The Case for a Politics of Tolerance

By Jack Emsley

A quick disclaimer; unlike Laura Pidock, I have a great deal of respect for those who I disagree with politically, and especially those in political parties that are not my own. It is sometimes fashionable in the age of online echo chambers to disparage those who vote a different way to us, or believe in different ideals, or propagate politicians we dislike. But the one fundamental statement that should bind us all together seems to have been forgotten. Irrespective of political party, most people interested in politics have one overarching aim: they want to see Britain become a tolerant, friendly and prosperous nation. Is that really such a disagreeable idea? Whether we want to reach that through a centrally planned economy or through radical free markets, through a strong defence or through scrapping trident, through a big state or through a small one; if we can all agree that the aim of politics should be to make Britain better for everyone in it, then there is room for us all to work together, even if we disagree on how to get there.

Politics should be about utilising our freedom of speech to stand up for every corner of society, not just those who we instinctively agree with on a policy question. So, it should follow that those who have the largest platform, the loudest voice, the widest audience, should use that to help better the most lives. Unfortunately, some of us seem to have forgotten it.

So, back to online echo chambers, and the morning of the general election result. Many of my left leaning friends spent a not inconsiderable amount of time celebrating what was, undeniably, a fantastic result for Labour. Through Facebook, they had a large platform, a wide audience, and of course (this is true of almost all politically engaged students, me more than most) a very loud voice. So if all of these things are true, why is there such a stony silence from these same people when it comes to the rise in anti-Semitism on the left? Why the dearth of Facebook statuses or Tweets condemning the misogynistic undercurrents of Momentum? Where is the sense of social outrage at the violence in Venezuela?

These are not bad people, and many of them are genuinely unaware of what is going on around them in the name of the Labour leader. I remember one occasion, during the election, where a left leaning friend of mine attacked as “fascist fake news” an article that denounced a vile anti-Semitic outburst during a Momentum rally in Bristol; when it was pointed out to her that the source of the article was the largest Jewish newspaper in the country, she was deeply apologetic. She is not a bad person for making a mistake, and certainly not anti-Semitic for being critical of news sources (if only we all could apply such discernment when reading articles from the Canary or AAR!). But that incident did highlight something deeply troubling; the instinctive, gut reaction of many of Corbyn’s supporters is to reject outright any criticism of the Momentum movement, even if this means turning a blind eye to racism, misogyny or support for foreign dictatorships.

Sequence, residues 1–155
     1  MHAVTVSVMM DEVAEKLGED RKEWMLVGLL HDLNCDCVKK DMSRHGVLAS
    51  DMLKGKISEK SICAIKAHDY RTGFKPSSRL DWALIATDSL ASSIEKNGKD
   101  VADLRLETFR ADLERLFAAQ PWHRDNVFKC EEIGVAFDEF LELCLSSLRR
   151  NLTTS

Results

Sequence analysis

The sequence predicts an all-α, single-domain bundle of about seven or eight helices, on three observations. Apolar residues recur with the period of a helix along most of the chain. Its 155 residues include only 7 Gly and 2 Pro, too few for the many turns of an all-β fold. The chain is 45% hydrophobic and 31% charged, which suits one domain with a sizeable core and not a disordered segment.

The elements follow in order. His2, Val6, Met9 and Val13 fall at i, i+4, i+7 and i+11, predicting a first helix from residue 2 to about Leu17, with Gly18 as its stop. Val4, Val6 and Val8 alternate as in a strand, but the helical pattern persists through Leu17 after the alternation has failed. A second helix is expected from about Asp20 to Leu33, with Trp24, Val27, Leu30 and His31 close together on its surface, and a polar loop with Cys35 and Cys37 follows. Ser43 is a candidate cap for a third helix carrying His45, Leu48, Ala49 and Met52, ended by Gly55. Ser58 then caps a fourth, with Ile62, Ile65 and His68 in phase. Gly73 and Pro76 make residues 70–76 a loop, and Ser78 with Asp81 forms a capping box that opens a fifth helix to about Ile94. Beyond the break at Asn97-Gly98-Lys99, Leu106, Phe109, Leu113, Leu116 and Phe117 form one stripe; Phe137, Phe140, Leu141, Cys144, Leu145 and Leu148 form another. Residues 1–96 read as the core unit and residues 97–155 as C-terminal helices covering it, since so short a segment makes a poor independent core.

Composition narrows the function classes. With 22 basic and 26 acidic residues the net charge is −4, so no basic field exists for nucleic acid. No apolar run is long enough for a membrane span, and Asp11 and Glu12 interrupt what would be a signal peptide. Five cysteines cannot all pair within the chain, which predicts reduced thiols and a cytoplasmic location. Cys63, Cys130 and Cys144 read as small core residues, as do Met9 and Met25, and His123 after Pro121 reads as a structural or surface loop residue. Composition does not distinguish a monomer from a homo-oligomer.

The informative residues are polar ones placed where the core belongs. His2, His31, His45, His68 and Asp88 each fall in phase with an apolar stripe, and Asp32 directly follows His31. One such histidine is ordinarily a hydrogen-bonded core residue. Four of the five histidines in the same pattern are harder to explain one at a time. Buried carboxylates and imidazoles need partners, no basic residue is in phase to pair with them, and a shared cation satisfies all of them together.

Let me be clear, Labour isn’t the only Party with racists, misogynists and authoritarian apologists. But, to shamelessly steal Charlie Collard’s excellent line, engaging in a game of “whataboutery” does nothing to help the situation. When Conservative MP Anne Marie Morris disgracefully used a racial slur in a speech on Brexit, there could be no defence. It was not a case of “but Labour is anti-Semitic” or “Dianne Abbott was racist once too”. Her comments were condemned, her whip was withdrawn, and we’re better off for it, both as a Party and as a country. Jeremy Corbyn take note; that is how you deal with a racist.

Trying to justify intolerance, intimidation and thinly veiled threats against groups we instinctively disagree with simply has no place in British politics. It doesn’t matter if you think the other Party is worse. It doesn’t matter if you think your Party leader would make a better PM. It doesn’t matter that you agree with all the other policies. We all have a duty to stamp out intolerance, whether it comes from those on the same or opposite sides of the political fence.

It’s a damning indictment of the state of Corbyn’s “new kind of politics” that there are so many examples of nastiness in political discourse now that there was literally not enough column space to print them. But here’s my challenge to everyone who reads this article today: go outside of your echo chamber, put aside your Party loyalty and listen to what people are saying. If a Jew says they feel threatened by your Party’s policies, try to empathise rather than dismiss him as part of “that fascist conspiracy”. If a woman feels she isn’t treated equally by your Party hierarchy, try to empathise rather than dismiss her as “just another left-wing feminist”. Forget Party rhetoric, and seek out injustices wherever they may be. We will, all of us, be much better off for it.

 

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